New interim U.S. coach Bob Bradley may not be a drastic change from former coach Bruce Arena, but the little things may be the differences that matter most.
Some players training in Bradley's first camp noted certain similarities to Arena.
"They're both intense," said defender Todd Dunivant. "They both push you and they don't let you get away with being lazy, being sloppy."
"The differences aren't much," said another defender, Heath Pearce. "Bob is hard on us. Bruce had high expectations as well."
Bradley's focus was mentioned often.
"Bradley is very intense," said forward Nate Jaqua. "We're working hard, so that's good. I'm improving."
There were no apologies for the difficulty of training from Bradley.
"People need to realize that the work is hard sometimes," said Bradley. "You can't always just tell people what they want to hear. But there's an understanding that everybody's in something together and if you create that kind of environment, where people believe in the work, and trust each other, then there's a better chance for success."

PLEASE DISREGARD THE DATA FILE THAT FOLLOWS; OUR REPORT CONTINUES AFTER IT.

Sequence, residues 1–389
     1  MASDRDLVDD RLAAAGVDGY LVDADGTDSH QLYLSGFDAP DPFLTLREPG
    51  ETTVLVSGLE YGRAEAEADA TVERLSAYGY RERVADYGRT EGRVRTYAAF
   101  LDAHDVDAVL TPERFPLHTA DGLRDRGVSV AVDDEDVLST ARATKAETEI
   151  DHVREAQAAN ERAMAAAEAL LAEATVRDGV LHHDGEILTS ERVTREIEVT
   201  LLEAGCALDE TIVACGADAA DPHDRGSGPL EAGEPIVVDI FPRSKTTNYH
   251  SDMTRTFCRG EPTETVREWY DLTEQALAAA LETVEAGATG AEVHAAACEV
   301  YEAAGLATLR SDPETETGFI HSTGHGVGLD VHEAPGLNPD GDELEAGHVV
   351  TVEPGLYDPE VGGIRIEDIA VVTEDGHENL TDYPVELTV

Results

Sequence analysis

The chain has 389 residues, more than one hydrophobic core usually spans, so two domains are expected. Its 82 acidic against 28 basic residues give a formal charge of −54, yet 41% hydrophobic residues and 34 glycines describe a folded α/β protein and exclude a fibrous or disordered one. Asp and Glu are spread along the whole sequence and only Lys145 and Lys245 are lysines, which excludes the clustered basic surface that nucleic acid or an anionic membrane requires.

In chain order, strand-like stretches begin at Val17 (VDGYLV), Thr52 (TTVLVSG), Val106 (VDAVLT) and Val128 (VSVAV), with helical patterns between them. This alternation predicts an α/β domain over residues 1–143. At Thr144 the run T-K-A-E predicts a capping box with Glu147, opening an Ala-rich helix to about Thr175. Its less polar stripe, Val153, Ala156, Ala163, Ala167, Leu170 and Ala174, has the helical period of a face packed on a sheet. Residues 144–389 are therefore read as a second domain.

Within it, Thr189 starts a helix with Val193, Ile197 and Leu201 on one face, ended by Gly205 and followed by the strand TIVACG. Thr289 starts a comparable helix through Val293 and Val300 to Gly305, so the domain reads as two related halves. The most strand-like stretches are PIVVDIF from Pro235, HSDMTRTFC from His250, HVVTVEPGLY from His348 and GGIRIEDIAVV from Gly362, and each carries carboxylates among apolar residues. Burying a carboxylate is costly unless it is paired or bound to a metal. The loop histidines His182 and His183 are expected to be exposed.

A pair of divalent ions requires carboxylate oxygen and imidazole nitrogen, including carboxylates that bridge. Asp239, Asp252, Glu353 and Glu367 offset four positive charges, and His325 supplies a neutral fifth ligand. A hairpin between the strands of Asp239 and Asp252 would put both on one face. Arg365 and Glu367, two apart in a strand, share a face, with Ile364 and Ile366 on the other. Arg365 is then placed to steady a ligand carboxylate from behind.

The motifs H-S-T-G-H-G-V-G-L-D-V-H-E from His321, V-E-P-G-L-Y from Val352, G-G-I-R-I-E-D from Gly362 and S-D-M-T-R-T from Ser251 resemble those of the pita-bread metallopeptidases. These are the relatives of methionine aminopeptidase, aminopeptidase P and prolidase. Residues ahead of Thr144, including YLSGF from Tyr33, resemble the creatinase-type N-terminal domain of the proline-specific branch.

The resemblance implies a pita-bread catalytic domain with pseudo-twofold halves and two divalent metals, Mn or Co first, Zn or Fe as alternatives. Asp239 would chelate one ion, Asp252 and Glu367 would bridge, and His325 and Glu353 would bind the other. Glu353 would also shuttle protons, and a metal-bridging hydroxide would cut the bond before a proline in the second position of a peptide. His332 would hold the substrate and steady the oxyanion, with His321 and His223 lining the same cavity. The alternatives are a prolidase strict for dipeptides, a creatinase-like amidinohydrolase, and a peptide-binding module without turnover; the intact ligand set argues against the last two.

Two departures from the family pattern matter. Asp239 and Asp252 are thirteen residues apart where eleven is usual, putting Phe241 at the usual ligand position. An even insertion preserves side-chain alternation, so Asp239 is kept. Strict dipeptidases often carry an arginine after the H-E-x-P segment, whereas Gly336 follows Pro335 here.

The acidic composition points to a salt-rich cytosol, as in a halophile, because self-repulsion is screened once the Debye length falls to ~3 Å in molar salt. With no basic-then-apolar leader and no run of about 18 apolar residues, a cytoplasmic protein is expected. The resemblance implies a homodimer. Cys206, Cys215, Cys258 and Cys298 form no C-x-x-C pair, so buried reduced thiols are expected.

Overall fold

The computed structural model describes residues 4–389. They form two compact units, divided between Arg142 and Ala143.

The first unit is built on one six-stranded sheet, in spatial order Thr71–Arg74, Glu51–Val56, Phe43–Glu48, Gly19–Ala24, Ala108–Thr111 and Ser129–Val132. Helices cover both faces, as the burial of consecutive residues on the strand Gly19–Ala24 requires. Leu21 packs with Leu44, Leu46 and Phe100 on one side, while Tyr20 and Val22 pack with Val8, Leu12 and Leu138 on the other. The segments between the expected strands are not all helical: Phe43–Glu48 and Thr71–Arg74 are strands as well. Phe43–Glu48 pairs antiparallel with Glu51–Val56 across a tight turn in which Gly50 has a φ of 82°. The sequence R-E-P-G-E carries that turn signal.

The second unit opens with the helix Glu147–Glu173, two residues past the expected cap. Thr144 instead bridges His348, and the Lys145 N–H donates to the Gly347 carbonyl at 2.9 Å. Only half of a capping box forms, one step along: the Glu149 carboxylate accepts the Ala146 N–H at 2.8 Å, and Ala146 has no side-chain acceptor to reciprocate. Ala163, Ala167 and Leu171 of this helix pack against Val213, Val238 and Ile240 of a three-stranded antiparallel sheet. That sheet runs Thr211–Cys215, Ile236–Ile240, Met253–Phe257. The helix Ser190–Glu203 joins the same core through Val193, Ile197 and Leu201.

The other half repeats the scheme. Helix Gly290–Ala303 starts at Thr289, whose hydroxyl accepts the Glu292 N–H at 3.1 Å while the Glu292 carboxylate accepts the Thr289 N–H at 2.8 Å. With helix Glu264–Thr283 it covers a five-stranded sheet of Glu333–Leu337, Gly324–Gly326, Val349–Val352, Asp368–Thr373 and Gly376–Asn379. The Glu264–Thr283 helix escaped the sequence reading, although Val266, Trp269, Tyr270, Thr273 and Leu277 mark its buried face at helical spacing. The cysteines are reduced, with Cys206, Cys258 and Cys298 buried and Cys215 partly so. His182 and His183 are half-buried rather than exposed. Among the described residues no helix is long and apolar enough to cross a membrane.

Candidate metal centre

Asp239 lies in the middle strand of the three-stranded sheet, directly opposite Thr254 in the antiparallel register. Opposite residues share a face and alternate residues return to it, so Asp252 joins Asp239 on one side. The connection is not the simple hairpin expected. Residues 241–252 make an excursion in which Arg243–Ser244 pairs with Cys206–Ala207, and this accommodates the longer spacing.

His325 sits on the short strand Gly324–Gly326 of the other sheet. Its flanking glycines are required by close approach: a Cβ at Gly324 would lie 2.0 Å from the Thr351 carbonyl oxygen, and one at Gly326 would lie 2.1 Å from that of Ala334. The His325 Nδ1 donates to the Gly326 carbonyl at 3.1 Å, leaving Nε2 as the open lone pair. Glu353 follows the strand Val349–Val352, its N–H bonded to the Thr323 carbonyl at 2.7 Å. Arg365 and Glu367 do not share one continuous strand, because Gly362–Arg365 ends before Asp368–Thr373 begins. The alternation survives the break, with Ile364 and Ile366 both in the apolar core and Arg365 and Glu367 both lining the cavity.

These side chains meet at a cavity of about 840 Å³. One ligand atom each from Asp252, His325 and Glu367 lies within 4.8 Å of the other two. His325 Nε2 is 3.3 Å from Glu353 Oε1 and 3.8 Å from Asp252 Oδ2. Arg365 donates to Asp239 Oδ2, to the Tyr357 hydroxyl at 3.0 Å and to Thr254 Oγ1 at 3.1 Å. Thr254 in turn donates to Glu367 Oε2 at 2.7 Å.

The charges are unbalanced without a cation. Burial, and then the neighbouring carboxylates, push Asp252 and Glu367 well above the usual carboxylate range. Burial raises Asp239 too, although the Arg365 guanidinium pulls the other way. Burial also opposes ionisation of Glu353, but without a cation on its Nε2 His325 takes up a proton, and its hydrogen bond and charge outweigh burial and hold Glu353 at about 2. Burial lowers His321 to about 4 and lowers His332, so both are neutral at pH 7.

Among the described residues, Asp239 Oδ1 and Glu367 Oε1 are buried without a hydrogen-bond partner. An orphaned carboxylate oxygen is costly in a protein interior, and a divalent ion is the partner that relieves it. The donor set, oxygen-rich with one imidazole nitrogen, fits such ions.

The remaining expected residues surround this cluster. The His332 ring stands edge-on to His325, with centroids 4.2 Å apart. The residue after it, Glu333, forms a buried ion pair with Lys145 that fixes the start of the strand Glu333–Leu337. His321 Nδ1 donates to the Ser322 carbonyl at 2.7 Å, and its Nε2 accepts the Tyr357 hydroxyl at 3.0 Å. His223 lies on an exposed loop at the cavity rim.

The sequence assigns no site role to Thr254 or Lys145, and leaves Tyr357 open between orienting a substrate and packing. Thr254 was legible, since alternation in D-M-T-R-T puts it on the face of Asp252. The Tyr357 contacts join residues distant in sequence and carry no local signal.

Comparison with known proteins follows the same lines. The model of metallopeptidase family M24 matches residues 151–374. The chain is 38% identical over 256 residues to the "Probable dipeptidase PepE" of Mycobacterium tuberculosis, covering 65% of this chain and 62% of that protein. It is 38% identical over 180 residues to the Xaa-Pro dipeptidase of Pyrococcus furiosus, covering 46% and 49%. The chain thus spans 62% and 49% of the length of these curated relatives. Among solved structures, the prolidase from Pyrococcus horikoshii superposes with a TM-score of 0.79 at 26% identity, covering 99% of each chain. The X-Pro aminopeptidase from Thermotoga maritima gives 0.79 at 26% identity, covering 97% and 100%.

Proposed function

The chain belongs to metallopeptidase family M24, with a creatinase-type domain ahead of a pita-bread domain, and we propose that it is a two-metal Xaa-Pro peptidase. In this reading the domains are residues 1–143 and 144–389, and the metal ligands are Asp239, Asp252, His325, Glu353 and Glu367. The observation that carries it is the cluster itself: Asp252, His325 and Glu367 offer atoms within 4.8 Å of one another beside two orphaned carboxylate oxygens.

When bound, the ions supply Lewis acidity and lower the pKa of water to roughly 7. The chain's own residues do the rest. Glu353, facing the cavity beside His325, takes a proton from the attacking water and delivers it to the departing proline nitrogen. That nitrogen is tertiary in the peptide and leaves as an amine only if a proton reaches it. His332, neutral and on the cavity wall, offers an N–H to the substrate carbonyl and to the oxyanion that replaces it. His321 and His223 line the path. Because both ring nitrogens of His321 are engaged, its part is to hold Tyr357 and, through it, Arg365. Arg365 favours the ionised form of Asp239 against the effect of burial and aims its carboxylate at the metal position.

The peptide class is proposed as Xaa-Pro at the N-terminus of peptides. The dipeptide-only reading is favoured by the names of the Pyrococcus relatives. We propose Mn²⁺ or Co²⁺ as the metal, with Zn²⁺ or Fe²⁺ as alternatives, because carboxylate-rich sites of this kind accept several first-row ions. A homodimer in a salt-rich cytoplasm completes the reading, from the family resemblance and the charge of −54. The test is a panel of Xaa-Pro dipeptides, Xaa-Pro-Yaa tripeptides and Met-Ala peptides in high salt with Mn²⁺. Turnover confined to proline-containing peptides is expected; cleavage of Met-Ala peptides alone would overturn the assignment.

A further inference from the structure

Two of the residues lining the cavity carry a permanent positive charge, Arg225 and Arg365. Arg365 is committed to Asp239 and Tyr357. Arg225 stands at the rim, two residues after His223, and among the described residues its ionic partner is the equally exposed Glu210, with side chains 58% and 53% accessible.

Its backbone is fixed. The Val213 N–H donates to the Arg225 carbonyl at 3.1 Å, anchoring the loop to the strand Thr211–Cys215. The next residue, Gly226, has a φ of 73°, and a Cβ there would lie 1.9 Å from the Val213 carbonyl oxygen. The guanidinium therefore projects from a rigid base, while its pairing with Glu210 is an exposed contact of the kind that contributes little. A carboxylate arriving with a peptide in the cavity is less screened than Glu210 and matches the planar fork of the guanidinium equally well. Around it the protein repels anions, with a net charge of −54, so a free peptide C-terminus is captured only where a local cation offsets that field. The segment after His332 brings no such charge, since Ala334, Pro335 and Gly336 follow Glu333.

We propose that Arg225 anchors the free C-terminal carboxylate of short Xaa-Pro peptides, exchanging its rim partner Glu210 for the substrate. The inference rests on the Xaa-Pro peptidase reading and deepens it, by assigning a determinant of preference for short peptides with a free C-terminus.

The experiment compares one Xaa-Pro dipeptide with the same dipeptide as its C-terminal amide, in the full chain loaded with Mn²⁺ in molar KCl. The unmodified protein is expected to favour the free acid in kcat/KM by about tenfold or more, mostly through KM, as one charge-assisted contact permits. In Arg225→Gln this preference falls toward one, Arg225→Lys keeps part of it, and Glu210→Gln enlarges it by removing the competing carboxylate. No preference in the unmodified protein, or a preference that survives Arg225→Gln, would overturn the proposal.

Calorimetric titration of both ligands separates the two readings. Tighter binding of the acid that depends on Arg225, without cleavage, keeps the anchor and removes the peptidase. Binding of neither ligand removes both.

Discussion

Success will be needed to salve the disappointment that preceded Bradley's appointment.
"It was a letdown for the soccer community in general -- and by no means is that a comment on Bob Bradley, it's just that there was a tremendous amount of focus and speculation on Juergen Klinsmann," said Alexi Lalas of the fallout after the U.S. soccer federation failed to land Germany's former coach.
Lalas, who as then-GM in New York dismissed Bradley as coach there, offered a qualified approval of the U.S. choice.
"I think that Bob is a wonderful selection in that he is going to work his ass off, probably harder than any coach out there. He also recognizes an opportunity when it's given to him, whether it was with Chivas USA, or now with the national team. I certainly wish him well. I think that given the proper circumstances, he could have some tremendous success."
Though some maintain that Bradley is merely a placeholder for whoever will eventually be named, Landon Donovan believed such a view was unfair.